The scripture that keeps coming to my mind that is bringing so much comfort is from Isaiah 25:8, "He will swallow up death forever, And the Lord God will wipe away tears from all faces...". This life is temporary, but on the days when the pain is just too great, I rely on the Lord who is my strength and my refuge.
If you are looking for some ways to remember your little ones today here are a few ideas:
- Release balloons
- Make a donation in honor of your child
- Perform a Random Act of Kindness in honor of your child
- Plant a rose bush, tree, or other plant that will make you smile whenever you look at it
Tonight Derek and I will be lighting two candles to join in the Wave of Light
In an effort to do my part to break the silence and raise awareness for this day, I just want to encourage those out there that might know someone who has gone through a loss. Whether the loss was recent or some time ago, it's okay to let them know that you have not forgotten their children. We are called to "rejoice with those who rejoice; mourn with those who mourn".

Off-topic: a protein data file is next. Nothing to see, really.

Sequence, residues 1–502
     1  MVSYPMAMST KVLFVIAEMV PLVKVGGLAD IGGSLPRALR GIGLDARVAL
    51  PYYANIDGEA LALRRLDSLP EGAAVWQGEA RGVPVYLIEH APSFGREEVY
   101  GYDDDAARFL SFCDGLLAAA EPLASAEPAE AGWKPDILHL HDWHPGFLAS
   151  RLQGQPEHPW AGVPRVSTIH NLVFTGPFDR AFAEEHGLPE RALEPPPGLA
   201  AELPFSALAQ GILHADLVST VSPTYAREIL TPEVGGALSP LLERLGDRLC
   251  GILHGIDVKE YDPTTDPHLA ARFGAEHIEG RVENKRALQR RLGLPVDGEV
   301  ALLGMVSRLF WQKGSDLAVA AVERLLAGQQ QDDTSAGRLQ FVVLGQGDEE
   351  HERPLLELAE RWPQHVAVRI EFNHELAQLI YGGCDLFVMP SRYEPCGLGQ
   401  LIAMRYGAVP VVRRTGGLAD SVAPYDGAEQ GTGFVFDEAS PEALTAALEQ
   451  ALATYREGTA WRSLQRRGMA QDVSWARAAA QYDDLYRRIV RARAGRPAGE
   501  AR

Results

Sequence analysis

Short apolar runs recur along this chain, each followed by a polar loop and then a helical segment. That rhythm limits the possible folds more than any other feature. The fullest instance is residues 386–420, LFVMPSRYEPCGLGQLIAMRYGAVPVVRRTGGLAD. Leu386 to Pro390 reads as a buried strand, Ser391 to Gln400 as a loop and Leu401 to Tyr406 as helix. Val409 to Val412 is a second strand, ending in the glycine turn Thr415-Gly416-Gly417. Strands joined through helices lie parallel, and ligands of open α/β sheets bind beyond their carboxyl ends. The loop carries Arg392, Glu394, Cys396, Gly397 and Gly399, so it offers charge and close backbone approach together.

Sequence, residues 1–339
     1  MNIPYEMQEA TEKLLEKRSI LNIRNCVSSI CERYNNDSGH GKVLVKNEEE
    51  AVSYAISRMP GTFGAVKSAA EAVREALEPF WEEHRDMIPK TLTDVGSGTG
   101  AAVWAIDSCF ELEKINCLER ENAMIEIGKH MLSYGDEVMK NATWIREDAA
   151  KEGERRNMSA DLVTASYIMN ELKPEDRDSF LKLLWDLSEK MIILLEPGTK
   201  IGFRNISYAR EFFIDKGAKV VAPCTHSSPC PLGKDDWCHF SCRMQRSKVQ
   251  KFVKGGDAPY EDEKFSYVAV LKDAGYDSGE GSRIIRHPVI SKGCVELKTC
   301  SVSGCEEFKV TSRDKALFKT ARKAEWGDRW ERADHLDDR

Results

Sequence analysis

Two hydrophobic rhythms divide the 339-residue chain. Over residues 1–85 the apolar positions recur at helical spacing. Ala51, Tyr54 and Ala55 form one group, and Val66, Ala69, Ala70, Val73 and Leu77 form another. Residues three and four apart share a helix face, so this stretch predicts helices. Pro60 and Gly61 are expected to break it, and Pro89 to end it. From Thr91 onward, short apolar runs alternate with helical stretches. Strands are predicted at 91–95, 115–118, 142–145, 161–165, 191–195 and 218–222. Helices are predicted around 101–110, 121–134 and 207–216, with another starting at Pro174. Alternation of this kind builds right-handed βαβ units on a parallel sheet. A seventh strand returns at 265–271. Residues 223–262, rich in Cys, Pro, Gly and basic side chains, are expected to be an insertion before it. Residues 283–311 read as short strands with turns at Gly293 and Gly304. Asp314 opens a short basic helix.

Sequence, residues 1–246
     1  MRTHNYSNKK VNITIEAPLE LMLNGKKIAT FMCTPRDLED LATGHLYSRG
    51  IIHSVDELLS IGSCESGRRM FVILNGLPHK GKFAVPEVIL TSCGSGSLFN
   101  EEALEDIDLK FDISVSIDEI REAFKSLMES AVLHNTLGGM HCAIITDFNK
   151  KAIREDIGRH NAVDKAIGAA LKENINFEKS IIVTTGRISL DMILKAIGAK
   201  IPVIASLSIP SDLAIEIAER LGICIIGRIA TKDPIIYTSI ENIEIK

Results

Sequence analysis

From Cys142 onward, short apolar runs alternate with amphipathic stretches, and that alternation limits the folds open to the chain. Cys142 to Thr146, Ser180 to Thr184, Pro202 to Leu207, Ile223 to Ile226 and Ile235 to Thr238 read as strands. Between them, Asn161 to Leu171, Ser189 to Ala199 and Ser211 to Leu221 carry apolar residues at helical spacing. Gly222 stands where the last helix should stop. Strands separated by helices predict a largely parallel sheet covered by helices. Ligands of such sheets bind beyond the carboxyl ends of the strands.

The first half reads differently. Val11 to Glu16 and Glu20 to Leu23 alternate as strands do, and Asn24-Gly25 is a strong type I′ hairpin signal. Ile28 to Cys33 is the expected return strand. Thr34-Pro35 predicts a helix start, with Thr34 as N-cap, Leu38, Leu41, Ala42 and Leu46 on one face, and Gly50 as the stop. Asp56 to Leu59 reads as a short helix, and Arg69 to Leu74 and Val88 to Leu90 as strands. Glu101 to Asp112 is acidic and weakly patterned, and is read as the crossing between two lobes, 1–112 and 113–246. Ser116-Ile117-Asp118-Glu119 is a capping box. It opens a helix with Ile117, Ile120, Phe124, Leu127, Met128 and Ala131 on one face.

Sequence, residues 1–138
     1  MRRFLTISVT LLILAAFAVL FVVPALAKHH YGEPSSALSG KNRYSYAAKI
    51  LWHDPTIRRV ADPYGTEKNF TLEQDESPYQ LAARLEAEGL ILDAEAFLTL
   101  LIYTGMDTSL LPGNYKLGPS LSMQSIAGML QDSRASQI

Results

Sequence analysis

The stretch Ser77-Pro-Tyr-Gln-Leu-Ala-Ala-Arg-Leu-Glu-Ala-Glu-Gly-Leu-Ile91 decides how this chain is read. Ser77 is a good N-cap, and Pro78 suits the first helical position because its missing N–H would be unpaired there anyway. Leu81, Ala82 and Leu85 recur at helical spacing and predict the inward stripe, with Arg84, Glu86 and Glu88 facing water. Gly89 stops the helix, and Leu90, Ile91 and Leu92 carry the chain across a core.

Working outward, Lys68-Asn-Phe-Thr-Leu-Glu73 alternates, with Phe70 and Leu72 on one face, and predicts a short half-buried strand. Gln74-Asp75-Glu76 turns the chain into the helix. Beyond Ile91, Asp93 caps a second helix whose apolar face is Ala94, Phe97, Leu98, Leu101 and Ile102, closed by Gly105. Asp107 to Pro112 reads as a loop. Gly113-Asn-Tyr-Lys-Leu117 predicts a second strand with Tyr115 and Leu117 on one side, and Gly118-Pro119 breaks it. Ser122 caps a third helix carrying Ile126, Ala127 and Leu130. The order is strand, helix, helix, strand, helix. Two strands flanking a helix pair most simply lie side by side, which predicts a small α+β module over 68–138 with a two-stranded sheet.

Be blessed, friends.
As most of you already know, via our Facebook post, Derek and I are excited to share that hopefully our family will be expanding again. There is hope in the midst of this difficult journey, but being pregnant after a loss is a journey of its own. Recently I was asked to join a wonderful group of ladies who share their experiences with pregnancy after loss, so I'm also blogging weekly over at Pregnancy After Loss Support, feel free to check it out. But don't you worry, Hippy Momma followers, I'll be sharing my journey here as well in the next few weeks. Until then, I just want to say thank you for all the love and support that you have poured out to us. It means so much to know that we are not alone in this.